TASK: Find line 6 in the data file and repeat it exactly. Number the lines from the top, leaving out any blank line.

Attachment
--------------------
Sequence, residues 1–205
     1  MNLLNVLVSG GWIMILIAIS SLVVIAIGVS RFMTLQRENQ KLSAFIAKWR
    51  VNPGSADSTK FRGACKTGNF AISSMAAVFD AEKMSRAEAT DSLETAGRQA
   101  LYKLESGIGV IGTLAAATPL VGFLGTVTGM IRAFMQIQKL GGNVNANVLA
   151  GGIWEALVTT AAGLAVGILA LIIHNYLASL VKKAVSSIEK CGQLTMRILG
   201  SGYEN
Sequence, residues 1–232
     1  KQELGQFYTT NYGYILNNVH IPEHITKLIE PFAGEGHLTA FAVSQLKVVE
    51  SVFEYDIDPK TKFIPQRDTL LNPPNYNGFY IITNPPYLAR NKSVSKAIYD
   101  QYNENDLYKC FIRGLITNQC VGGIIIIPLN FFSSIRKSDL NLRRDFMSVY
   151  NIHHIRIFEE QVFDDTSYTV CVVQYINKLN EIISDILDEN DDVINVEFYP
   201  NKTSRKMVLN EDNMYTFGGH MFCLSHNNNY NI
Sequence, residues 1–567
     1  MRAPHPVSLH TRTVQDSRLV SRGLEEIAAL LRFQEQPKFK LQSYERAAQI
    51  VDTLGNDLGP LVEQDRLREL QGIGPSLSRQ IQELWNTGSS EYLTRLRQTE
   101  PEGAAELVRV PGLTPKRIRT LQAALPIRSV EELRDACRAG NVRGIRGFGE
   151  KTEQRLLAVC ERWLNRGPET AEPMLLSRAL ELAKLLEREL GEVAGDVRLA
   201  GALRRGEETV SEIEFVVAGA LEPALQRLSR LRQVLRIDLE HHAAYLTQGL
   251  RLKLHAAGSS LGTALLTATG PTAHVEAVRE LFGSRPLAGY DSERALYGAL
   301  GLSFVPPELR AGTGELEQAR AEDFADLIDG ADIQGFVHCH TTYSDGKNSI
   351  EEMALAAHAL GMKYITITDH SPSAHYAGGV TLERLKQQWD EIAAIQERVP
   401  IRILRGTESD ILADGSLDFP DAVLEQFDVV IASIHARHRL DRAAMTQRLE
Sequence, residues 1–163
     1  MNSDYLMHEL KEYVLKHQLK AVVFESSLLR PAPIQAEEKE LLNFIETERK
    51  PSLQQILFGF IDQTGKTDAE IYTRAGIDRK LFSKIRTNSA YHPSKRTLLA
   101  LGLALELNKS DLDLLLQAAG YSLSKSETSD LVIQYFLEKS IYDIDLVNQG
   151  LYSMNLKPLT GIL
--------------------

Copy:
   201  SGYEN